Time is what we want most, but what we use worst.
My students shared their Activity Logs with me last week. I told them that I wasn’t going to look at them. No grading. No judgement. “Be truthful,” I said, “or don’t do it at all.”
One student pointed to a block of time in between her morning and afternoon class. “Usually, I run errands during that time. Go to the library. Take care of stuff. It never occurred to me that I could schedule an hour or two of writing during that block. That’s what I’m going to do from now on.”
Another was amazed to see how much gaming he does. I was glad this came up, actually. I think our students devote many, many hours per week to RPGs and video games, esp. when you read confessions like this. I said look, there’s nothing wrong with gaming or any other pleasure activity. That’s necessary for good health and peace of mind. The problem is when that activity starts eating at the time you have for the stuff you absolutely have to get done.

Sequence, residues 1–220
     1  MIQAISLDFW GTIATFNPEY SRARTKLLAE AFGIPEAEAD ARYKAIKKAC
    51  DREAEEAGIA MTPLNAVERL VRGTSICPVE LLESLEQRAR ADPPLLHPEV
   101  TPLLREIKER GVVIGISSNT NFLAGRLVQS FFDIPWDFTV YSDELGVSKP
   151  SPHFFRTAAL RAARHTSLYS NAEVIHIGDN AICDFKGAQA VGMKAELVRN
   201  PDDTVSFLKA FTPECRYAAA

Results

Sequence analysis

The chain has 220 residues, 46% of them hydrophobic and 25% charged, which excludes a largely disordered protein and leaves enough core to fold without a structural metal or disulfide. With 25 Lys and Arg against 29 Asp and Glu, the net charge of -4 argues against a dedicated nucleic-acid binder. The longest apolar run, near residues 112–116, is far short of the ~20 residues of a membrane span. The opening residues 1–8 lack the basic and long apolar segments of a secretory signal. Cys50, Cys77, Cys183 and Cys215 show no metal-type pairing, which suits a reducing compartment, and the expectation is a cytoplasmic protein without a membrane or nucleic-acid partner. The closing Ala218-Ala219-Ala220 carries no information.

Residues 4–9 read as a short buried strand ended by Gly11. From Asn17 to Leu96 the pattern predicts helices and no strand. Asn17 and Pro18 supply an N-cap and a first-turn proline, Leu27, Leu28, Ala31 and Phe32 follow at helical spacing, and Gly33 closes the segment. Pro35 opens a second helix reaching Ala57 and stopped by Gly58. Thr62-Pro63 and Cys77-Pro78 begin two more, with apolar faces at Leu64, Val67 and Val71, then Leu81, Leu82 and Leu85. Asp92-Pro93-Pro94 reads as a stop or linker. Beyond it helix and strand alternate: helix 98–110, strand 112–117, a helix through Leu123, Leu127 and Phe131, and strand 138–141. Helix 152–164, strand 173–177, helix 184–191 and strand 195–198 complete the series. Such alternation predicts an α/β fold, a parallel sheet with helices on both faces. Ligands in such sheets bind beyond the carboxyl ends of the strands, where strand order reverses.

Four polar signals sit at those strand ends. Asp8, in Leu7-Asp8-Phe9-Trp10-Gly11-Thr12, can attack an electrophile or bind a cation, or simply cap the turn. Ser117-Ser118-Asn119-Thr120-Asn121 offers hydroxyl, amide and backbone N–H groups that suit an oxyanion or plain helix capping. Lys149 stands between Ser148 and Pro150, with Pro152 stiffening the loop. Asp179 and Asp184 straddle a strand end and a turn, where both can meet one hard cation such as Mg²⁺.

[Here’s a great piece from The Chronicle of Higher Education about teaching students time management skills.]